Today I visited one of my dearest friends, Mary Ellen Edmunds. I first met her in 1981 in the Missionary Training Center. Mary Ellen taught all of the Sisters every Sunday morning in the big cafeteria/gym. We loved her weekly lessons and laughed and cried with her. I was in the MTC to learn how to be a good missionary and to learn how to speak Afrikaans. I was the only Sister in the MTC going to South Africa.
After 10 intensive weeks of language study from morning until night, it was time for us to fly. I’d memorized all of my lessons and passed everything off. I was speaking Afrikaans quite fluently. Then the travel office told us our visas had not arrived. They had no idea when we would get them. They made a yellow sad-faced sign that said “South Africa” on it and hung it in the travel office window so we wouldn’t bother them by asking every day about our visas.
Weeks passed. (Now they send “visa waiters” to other assignments to work while they wait.) We ended up staying in the MTC an extra 5 weeks, 15 weeks total. I was the only one in my group who had learned Afrikaans well enough to pass off all the lessons. My teachers weren’t sure what to do with me while we waited. That’s when we came up with a great idea. Mary Ellen was teaching missionaries with special assignments. Many were going to work in refugee camps in Asia. Some were older couples going into third world countries.
Permission was given for me to sit in on her classes and learn about humanitarian work. Interestingly, her classes lasted for 5 weeks. The day after I completed all of her training, a miracle happened–the sign at the travel office had a big smiley face on it–our visas had arrived! I felt like thanking the rest of my group for waiting for me to have that specialized training. Not long after I arrived in South Africa, my assignment was changed from proselyting to welfare services work, and that’s where my love for the African people really began. That was more than 40 years ago now.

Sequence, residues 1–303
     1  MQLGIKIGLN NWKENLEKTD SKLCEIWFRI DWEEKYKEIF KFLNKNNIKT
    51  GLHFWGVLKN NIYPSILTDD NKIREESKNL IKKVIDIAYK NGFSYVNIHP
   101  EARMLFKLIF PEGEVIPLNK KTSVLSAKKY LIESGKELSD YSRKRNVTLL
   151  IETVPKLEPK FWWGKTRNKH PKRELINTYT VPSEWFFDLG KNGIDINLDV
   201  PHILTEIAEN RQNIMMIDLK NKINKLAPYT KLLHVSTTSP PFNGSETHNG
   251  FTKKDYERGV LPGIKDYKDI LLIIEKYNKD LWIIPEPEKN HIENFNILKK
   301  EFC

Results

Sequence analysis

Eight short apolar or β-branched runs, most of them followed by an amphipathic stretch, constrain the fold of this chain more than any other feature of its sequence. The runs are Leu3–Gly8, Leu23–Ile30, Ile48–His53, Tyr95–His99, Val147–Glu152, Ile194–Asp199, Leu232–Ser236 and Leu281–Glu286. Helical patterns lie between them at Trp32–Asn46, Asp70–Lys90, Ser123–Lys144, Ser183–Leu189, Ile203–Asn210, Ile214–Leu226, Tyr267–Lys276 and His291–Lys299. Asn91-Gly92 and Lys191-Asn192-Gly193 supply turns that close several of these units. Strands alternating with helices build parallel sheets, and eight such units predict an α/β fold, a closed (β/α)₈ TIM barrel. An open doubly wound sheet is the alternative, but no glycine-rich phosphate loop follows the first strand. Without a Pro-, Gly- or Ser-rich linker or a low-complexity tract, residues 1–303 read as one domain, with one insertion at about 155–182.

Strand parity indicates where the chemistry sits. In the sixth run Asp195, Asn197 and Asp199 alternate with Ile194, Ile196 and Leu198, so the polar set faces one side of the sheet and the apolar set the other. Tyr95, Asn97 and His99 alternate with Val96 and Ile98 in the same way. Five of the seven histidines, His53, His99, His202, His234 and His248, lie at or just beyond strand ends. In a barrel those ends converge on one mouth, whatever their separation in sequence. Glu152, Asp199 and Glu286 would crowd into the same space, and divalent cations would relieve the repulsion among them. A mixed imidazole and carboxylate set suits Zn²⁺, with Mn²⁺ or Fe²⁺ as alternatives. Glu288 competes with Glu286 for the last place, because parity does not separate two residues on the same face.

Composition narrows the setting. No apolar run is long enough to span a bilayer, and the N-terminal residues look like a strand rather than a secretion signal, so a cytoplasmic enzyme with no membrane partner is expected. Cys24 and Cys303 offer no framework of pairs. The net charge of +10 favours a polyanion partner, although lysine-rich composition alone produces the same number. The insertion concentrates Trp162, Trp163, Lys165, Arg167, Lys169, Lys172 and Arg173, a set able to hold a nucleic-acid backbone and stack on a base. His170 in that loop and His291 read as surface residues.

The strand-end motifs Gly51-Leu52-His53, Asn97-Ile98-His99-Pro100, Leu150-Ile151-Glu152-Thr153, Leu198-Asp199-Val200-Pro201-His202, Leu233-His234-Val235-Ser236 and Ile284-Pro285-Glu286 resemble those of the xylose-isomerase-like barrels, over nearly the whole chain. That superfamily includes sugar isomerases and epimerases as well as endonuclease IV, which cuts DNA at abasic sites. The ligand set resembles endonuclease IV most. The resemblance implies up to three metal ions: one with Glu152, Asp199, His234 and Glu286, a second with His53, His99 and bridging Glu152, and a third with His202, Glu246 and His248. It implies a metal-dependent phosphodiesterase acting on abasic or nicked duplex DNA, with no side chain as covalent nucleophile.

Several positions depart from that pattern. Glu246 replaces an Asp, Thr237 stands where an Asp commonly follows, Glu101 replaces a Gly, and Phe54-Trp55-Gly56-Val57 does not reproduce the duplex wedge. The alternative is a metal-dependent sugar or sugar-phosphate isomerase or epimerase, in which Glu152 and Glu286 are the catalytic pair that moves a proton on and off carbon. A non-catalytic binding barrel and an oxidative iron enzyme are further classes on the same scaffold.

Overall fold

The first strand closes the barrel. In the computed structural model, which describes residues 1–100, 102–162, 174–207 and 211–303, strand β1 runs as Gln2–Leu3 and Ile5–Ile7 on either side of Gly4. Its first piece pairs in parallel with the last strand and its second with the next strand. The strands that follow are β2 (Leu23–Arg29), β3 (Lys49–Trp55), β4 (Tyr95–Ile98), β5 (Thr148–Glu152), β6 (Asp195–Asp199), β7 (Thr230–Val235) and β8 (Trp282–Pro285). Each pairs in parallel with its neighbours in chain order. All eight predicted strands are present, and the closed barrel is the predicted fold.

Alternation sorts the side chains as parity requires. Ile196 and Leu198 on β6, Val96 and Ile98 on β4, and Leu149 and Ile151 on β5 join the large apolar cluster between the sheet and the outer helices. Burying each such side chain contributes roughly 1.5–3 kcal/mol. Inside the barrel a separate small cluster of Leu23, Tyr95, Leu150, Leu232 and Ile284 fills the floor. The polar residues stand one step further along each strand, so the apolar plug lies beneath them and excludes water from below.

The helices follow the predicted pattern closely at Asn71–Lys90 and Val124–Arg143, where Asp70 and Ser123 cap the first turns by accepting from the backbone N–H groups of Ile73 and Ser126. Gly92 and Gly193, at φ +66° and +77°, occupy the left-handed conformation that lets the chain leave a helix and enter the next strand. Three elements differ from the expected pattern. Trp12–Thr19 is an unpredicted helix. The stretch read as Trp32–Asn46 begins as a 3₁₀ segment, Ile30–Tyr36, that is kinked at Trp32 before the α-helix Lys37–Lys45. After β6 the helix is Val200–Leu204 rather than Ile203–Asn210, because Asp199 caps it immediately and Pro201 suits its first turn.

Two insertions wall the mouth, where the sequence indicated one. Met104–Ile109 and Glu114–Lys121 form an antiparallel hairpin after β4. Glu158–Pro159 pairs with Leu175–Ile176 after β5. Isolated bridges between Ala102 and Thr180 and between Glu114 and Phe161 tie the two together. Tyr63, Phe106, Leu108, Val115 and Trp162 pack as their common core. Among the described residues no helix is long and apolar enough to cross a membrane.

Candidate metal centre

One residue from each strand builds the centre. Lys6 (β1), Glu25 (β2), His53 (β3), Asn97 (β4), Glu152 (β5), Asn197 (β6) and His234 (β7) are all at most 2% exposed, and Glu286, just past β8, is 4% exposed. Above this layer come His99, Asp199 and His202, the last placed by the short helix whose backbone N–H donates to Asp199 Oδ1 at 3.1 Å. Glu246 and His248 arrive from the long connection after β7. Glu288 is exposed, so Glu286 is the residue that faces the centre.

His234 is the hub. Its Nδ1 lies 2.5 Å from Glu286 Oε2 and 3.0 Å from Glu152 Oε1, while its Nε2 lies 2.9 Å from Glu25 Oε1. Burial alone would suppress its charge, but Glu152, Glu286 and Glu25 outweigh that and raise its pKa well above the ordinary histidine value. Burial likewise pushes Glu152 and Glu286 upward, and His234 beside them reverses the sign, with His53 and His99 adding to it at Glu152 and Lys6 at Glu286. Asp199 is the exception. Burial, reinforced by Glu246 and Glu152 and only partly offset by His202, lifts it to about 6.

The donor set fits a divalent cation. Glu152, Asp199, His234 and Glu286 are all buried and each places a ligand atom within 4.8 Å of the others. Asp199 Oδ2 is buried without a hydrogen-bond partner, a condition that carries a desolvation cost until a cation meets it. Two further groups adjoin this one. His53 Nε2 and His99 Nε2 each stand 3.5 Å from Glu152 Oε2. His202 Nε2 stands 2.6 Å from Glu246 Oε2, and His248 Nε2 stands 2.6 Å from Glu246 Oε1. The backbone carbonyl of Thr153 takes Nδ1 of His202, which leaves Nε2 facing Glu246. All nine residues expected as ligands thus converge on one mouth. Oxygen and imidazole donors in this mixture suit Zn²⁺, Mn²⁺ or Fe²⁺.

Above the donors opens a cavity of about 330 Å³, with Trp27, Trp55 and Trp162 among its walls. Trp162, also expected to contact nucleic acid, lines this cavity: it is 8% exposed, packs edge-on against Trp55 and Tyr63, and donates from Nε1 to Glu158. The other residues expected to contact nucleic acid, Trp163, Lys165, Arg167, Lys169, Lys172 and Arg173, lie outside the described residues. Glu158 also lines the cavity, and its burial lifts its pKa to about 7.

After I returned from a year and a half in South Africa, I was offered a job working at the MTC with Mary Ellen. It was a dream job, helping to prepare others for the kind of experiences I’d had. I graduated from BYU in 1984, and that ended my job there, but before long, I was invited to go with Mary Ellen to Nigeria to start a child’s health project there. We left in the fall of 1984 for the village of Eket, in what was then called Cross River State (now Kwa Ibom State). We had a ball, figuring out how to manage without running water or electricity, killing cockroaches and preserving them in our wax museum (we used candles for light at night), and learning from our local friends.
After a few months, Mary Ellen got deathly ill and had to be evacuated by helicopter. I traveled with her to the States in the middle of a blizzardy winter storm. We were dressed in cotton skirts and flip-flops as we navigated the different terminals at JFK, Mary Ellen in a wheelchair. She was checked into the hospital in Salt Lake, and stayed there for a few weeks. I returned to Eket.
Mary Ellen tells people I saved her life. The truth is, she saved mine. She was my mentor and teacher, my companion and friend. Everything about my life changed after meeting her. You all know the rest of the story. I’ve now lived many years in Africa and have been involved in humanitarian work for as long as I can remember. I have Mary Ellen to thank for that. I would be a different person had I not known her. Mary Ellen Edmunds opened my heart and poured hers into it. There is no way I can ever repay her for that gift.
Here are a few historical photos of me teaching in the Transkei, (then an independent black nation in South Africa), and in Nigeria with Mary Ellen.